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Facing radical hysterectomy and possible uterine cancer

smsw
Posts: 5
Joined: Feb 2010

Hi all: Not only am I new to this site but am also not a huge user of discussion boards so forgive me if I don't do everything correctly.

I am a breast cancer survivor (15 years) but am now facing a complete hysterectomy because it seems I have uterine cancer. We aren't sure because the cervical biopsy could not be completed. I am post-menopausal by a long time (which means I'm "old"). So many posts are from much younger women whose issues are different from mine. I'm very active but not concerned about hormones and such. I'm more concerned about what lies ahead even if I don't have to have radiation or chemotherapy. What changes to my life will the surgery itself bring? I hear about problems with bladder and bowel control? Is that common? I read about women being tired? Is that lasting? Any advice/comments would be welcome.

norma2's picture
norma2
Posts: 486
Joined: Aug 2009

I joined this group recently and have found it to be a wealth of information and support.

If you are new to discussion boards just be yourself. Remember you are online so you might want to be elusive to specifics as to where you live, who you are, etc. Otherwise, I have found discussion groups to be great places to make friends, share information and give and get support.

I had to chuckle at your remark on being "old". You sound young at heart to me. I am 60 and had a radical hysterectomy Oct/2009 due to a uterine biopsy that confirmed endometrial cancer. The surgery was not a walk in the park. I made it through with some modifications of my life. Went back to work 2 weeks after surgery. Might have been a little too soon. Didn't drive for 8 weeks post surgery my own choice. Had to be careful lifting things. Constantly reminding myself to take it easy. Cleaned out my purse which weighed 10 lbs. I carry too much junk with me, like I an in survivor mode for a major disaster.

I was having a lot of problems with bladder control prior to surgery. Now there are none. Bladder is fine. I take a stool softener when needed and my bowel control is fine. Had pelvic radiation after surgery, and after the side effects had worn off everything seems to be working.

I am a little tired at times due to receiving chemotherapy right now. I have 5 more weeks of chemo. I rest when I am tired. That is the hardest thing for me since I am usually very active. Allowing myself the luxury of a nap is difficult for me. I feel lazy. Have learned to pamper myself.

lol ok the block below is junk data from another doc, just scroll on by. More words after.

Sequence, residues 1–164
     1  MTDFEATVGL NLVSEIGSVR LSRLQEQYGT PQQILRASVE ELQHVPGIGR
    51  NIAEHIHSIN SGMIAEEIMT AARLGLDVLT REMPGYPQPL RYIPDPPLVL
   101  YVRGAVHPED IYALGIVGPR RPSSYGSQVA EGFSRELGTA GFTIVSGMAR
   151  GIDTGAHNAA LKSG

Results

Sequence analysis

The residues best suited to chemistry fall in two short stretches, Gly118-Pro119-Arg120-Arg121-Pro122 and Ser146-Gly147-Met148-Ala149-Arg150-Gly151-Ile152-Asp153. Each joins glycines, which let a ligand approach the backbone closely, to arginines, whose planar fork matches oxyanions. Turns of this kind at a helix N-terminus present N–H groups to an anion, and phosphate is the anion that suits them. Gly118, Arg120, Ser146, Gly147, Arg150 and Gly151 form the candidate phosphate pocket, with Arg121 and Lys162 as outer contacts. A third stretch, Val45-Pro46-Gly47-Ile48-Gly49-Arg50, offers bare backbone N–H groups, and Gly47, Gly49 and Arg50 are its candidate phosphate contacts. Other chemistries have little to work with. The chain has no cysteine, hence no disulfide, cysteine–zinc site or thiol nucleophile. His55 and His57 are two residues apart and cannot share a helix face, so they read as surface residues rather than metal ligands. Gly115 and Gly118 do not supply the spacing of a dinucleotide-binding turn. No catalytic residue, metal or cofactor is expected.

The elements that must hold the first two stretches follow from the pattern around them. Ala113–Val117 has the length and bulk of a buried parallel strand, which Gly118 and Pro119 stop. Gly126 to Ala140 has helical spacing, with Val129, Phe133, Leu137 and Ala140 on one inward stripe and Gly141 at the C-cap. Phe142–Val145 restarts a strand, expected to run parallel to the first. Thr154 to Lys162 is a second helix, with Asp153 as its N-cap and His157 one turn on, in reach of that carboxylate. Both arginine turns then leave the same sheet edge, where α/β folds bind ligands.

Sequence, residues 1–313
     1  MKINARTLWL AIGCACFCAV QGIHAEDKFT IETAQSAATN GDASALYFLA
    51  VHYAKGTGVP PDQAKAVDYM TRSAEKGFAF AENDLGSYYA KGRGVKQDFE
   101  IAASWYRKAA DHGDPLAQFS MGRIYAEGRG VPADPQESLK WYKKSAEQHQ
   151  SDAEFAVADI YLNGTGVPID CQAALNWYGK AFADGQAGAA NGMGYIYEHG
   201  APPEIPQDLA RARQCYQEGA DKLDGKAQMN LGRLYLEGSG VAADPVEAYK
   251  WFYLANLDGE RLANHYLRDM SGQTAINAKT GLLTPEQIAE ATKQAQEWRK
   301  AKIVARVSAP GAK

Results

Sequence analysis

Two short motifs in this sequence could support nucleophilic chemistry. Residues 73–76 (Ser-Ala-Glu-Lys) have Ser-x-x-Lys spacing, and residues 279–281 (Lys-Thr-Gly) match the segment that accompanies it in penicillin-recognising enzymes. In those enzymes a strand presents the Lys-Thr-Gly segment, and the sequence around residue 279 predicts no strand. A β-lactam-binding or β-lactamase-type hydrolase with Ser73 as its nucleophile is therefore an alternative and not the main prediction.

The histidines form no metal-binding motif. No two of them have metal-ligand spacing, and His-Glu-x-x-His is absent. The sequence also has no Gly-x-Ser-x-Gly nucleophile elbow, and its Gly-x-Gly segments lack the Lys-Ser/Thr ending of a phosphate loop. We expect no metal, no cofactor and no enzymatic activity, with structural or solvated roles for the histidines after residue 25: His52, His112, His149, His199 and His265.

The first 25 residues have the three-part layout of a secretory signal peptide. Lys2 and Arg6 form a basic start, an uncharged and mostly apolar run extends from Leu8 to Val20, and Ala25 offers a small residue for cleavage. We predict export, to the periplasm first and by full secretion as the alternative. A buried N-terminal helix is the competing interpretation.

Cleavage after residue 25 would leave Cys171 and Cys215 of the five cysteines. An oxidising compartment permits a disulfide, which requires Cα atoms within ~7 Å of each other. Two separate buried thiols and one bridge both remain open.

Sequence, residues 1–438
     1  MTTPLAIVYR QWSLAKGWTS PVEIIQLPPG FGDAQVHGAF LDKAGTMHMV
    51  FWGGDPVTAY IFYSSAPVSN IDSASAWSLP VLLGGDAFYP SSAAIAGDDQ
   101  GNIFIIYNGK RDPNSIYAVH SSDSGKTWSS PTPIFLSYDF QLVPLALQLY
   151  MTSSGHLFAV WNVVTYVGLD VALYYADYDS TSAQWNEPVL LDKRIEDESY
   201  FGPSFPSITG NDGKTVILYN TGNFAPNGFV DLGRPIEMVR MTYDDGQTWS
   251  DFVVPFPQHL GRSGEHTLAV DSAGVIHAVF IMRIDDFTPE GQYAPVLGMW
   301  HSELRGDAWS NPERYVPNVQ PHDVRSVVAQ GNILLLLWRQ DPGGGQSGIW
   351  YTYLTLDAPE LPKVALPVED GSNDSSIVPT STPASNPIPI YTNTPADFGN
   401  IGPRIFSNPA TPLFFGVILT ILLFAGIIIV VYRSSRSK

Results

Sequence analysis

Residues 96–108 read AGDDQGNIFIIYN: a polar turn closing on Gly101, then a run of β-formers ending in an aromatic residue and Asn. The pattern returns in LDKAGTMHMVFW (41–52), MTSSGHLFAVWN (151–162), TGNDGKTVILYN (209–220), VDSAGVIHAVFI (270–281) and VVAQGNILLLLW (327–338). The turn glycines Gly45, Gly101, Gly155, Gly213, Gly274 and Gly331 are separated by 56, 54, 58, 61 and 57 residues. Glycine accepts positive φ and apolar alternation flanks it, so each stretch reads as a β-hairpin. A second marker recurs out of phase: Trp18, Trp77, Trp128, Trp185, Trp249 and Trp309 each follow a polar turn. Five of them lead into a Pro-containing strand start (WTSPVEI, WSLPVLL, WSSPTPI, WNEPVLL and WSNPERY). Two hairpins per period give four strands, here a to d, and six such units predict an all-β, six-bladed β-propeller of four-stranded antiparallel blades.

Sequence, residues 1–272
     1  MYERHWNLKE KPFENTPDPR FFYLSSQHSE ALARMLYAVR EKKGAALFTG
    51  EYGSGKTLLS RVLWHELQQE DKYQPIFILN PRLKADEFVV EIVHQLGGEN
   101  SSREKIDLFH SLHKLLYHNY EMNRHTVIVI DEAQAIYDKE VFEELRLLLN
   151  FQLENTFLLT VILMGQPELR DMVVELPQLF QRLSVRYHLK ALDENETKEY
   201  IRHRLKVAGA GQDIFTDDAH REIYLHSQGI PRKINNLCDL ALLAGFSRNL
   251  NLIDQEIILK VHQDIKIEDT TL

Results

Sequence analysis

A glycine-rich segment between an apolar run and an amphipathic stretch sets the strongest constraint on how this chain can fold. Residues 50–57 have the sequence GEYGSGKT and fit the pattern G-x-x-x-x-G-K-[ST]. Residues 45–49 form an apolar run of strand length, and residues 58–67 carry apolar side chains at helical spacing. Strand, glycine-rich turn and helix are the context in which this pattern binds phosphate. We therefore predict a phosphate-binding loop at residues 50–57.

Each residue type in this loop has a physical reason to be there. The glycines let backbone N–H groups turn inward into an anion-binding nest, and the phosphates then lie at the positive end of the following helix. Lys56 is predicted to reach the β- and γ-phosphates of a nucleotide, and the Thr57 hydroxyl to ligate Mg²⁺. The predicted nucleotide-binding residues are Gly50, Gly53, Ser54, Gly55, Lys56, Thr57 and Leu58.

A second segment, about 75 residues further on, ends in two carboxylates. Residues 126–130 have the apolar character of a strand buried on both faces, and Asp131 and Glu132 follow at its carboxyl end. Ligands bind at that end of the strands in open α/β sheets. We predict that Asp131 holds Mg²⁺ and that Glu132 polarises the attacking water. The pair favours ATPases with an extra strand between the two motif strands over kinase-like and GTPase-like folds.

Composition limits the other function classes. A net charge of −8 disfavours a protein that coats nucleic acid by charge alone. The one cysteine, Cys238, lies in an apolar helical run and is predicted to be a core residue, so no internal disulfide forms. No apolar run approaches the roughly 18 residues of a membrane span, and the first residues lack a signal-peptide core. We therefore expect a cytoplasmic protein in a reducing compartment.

Congratulations on being a breast cancer survivor! There is also a breast cancer group here on this site.

Again a warm welcome! I hope this group will be a place for you to find support.
Norma

smsw
Posts: 5
Joined: Feb 2010

I'm heartened by your reply and the minimal complications you had from surgery. Your life and outlook sound similar to mine except that I am 71 -- way past "officially" old. However, I don't feel old in the slightest. I am very active and am lucky enough that my retired husband doesn't mind my being out in the world much of the time, going to meetings, trying to make a difference in our community.

I have no idea what I'm going to face post-surgery since cancer has not even been definitely diagnosed. A gynecologic oncologist will be in the operating room, ready to check the lymph nodes if the frozen section confirms cancer as they think it will. If it is cancer, our hope is that it is primary uterine vs breast and that it is not in the lymph system.

I'm curious about what kind of chemo you are doing and what stage cancer you have. It sounds to me like you are faring quite well and I love your attitude.

Sandie

kkstef's picture
kkstef
Posts: 706
Joined: May 2008

Since you are looking for some "older" gals....I had a radical hysterectomy when I was 65. I had mine done robotically and was home the next day, took a couple of pain pills 2 days and that was it. It was exceptionally easy. Now, if you have yours done the standard way with the abdominal incision, it takes a lot more time to heal, etc. I had no adverse effects from the surgery.

I then had radiation (30 external treatments) and then 5 rounds of chemo. The biggest side effects were fatigue, some intestinal troubles, low blood counts, and neuropathy in my feet.

It is now getting close to 2 years and I am doing great. The neuropathy in my feet remains but I can live with it. It took me about 9 months to really get back "to my old self" but I am there. In fact, I feel better than I have in years!!

So...we are here for you....Just ask away!

Karen

smsw
Posts: 5
Joined: Feb 2010

I can't believe that in just a couple of hours, I have made contact with people who understand and are making it. Thanks so much.

Sandie

Ro10's picture
Ro10
Posts: 1356
Joined: Jan 2009

I am 61 years old and had the robotic surgery last January. I was diagnosed at Stage III-C UPSC. I had 6 chemo and external and internal radiation. I would say I am back to my presurgery level of energy. I never had any symptoms before surgery, and I have no side effects from the chemo or radiation now. It did take months before my energy level was back to normal. I never needed naps or anything, but just felt tired.

Good luck with your surgery and I hope you get good results. It is great news that you are a breast cancer survivor. Take one day at a time. In peace and caring.

norma2's picture
norma2
Posts: 486
Joined: Aug 2009